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Syntax check in js2-mode is awesome.

But sometimes I just want to define a function named "delete" or "new" even thought that's not a good idea. Js2-mode seems to treat this as an error.

How can I use build-in keywords as function name in js2-mode? I need your help.


I am sorry for my stupid question...

I'm using etags.

but writing someting like:

exports.new = function() {

seems etags will treat this as the definition of 'exports.new', not 'new'.


So I'm trying to write something like:

function new() {
exports.new = new;

How stupid I am !!!

So my questiong turn back to how to make etags find the definition of 'new', not 'exports.new' ?

Thanks. :)

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1 Answer 1

"Js2-mode seems to treat this as an error"

It is an error, isn't it?

I really don't understand why you'd want to do it, but the following works:

someObject["new"] = function() {
   alert("This is the 'new' function.");


Assuming someObject already exists as an object. Or:

var someObject = {
       "new" : function() {},
       "delete" : function() {}


In the browser you can say window["new"] = function() {}, but you can't call the resulting function with new(), you have to say window["new"]().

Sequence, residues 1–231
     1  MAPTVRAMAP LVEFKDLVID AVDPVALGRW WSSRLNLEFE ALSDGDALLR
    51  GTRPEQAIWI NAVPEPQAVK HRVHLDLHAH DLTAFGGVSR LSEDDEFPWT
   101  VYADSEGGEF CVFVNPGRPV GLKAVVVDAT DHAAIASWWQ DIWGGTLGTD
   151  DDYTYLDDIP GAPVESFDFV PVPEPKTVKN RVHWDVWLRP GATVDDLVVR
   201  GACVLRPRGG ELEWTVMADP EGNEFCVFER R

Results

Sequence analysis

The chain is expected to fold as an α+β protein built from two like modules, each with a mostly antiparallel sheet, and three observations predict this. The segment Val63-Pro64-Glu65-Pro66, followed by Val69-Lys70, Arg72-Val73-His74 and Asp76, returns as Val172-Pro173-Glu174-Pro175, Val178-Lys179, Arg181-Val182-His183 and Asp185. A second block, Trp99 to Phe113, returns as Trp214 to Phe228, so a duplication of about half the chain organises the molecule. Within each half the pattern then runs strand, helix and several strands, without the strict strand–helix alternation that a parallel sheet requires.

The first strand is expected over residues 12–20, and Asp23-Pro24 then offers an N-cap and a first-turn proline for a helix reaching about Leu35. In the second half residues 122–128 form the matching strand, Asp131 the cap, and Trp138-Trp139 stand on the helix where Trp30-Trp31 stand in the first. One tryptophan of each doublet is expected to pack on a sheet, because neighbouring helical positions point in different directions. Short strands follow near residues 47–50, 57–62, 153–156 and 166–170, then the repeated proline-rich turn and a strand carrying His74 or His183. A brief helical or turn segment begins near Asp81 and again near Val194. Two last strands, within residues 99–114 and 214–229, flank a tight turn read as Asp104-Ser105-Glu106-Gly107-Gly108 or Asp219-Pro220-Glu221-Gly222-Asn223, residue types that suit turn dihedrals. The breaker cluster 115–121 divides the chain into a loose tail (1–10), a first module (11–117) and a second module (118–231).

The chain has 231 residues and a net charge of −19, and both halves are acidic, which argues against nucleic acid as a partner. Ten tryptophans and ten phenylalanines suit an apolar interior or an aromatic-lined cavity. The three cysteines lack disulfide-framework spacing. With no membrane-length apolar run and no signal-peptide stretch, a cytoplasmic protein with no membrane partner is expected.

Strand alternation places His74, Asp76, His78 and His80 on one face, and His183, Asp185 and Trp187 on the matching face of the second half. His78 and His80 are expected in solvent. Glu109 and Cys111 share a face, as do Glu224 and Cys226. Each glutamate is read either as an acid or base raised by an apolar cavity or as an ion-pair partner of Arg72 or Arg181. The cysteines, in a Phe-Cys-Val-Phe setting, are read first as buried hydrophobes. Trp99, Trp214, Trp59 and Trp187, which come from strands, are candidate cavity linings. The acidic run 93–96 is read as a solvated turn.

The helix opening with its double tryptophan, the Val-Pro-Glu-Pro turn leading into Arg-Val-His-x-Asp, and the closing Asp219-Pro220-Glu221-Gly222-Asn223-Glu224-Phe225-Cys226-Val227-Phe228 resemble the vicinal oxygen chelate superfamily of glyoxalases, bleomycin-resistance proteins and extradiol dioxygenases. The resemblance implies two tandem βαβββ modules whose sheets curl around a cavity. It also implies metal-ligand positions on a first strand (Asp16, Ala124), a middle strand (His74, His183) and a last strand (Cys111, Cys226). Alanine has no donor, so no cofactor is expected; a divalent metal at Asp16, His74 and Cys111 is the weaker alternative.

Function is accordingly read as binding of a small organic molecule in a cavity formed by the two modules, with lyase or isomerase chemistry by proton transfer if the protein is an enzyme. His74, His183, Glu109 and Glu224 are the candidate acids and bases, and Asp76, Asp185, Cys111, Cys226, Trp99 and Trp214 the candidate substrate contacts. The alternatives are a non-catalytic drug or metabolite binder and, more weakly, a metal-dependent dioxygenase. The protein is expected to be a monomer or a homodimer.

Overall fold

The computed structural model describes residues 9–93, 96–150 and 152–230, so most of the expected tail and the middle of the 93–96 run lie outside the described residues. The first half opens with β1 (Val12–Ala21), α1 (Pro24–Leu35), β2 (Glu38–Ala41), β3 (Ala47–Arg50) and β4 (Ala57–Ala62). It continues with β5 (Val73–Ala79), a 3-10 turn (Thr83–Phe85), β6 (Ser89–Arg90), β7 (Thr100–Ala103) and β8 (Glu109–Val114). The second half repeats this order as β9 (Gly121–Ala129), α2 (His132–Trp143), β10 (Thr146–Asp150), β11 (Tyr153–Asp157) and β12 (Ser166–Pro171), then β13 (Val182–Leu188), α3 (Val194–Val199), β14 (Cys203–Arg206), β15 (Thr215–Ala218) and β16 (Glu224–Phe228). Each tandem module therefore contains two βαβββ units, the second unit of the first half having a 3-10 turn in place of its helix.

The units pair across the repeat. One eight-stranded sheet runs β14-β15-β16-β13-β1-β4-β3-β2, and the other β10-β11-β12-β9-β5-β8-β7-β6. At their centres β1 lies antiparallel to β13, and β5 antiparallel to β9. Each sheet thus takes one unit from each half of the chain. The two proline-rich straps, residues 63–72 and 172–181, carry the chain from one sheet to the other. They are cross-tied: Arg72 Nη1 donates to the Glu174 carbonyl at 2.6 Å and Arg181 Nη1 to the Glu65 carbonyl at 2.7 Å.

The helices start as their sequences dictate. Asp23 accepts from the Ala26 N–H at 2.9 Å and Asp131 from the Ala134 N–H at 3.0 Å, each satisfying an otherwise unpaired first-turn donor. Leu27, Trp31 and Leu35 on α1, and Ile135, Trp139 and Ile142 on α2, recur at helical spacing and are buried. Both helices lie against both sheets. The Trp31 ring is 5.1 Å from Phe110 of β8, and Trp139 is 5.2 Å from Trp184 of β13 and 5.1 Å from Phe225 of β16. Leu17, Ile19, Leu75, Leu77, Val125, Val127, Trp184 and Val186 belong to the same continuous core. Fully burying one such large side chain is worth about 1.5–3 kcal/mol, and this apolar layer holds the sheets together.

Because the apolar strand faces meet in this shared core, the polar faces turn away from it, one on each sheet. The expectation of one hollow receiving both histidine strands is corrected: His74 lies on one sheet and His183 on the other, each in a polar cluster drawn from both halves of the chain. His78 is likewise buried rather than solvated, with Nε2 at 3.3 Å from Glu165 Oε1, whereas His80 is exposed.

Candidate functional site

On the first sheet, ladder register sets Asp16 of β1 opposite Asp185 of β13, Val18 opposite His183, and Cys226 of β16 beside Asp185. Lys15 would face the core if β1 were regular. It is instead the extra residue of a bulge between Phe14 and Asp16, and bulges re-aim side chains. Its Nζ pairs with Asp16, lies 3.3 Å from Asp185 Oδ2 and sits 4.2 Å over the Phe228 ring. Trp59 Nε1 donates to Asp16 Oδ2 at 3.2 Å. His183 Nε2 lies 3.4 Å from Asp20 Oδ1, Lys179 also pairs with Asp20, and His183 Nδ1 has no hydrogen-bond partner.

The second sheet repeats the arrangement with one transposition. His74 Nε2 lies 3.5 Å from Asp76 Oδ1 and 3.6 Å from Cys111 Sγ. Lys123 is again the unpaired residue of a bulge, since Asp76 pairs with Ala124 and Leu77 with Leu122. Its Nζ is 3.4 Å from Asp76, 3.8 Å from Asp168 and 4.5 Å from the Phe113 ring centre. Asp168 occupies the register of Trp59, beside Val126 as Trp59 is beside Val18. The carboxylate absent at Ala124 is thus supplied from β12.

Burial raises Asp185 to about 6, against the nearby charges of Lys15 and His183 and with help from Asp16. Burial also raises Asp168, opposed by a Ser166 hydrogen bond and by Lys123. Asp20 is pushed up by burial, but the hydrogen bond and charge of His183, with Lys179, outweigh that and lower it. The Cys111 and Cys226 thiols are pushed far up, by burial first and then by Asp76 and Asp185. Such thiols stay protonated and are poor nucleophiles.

In node.js I believe the equivalent would be global["new"] = function() {}. I don't use node, but I assume this would create a global function called "new", but you wouldn't be able to call it with the new() syntax, you'd have to say global["new"]().

I do not recommend doing this.

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global is the node.js global variable :) –  Florian Margaine Jun 19 '12 at 7:22
Thanks @FlorianMargaine - yes, I just finished googling node around the time you commented. In any case whether in the browser or in node I wouldn't recommend doing this. –  nnnnnn Jun 19 '12 at 7:25
Clearly. Using reserved words is definitely not a good idea. –  Florian Margaine Jun 19 '12 at 7:25
Oh, I really forget that's an error... I am trying to write "function delete() {}; exports.delete = delete;" when using express in node.js. I am sorry for my stupid question. –  Boris Jun 19 '12 at 7:27
I think exports["delete"] = function() { /*some code*/ }; would do what you want. You'd call it with exports["delete"]();. Might be better to use a word like "remove" rather than "delete" so that you don't get the keyword clash. –  nnnnnn Jun 19 '12 at 7:29

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